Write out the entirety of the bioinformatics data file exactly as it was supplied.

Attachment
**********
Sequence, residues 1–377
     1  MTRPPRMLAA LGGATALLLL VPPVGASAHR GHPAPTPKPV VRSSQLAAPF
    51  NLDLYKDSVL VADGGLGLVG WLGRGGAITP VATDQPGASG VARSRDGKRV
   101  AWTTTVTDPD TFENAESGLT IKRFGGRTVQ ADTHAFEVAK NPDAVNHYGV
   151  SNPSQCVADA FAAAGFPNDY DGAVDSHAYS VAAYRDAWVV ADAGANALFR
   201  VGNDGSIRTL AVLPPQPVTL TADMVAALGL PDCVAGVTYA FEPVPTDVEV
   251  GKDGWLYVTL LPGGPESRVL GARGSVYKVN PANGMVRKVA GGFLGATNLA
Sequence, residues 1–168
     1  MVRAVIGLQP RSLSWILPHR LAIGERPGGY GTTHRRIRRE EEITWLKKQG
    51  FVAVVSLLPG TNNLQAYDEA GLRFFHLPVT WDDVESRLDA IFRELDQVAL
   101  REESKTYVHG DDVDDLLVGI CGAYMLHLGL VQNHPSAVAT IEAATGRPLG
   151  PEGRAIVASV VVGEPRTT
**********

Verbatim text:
Sequence, residues 1–377
     1  MTRPPRMLAA LGGATALLLL VPPVGASAHR GHPAPTPKPV VRSSQLAAPF
    51  NLDLYKDSVL VADGGLGLVG WLGRGGAITP VATDQPGASG VARSRDGKRV
   101  AWTTTVTDPD TFENAESGLT IKRFGGRTVQ ADTHAFEVAK NPDAVNHYGV
   151  SNPSQCVADA FAAAGFPNDY DGAVDSHAYS VAAYRDAWVV ADAGANALFR
   201  VGNDGSIRTL AVLPPQPVTL TADMVAALGL PDCVAGVTYA FEPVPTDVEV
   251  GKDGWLYVTL LPGGPESRVL GARGSVYKVN PANGMVRKVA GGFLGATNLA
Sequence, residues 1–168
     1  MVRAVIGLQP RSLSWILPHR LAIGERPGGY GTTHRRIRRE EEITWLKKQG
    51  FVAVVSLLPG TNNLQAYDEA GLRFFHLPVT WDDVESRLDA IFRELDQVAL
   101  REESKTYVHG DDVDDLLVGI CGAYMLHLGL VQNHPSAVAT IEAATGRPLG
   151  PEGRAIVASV VVGEPRTT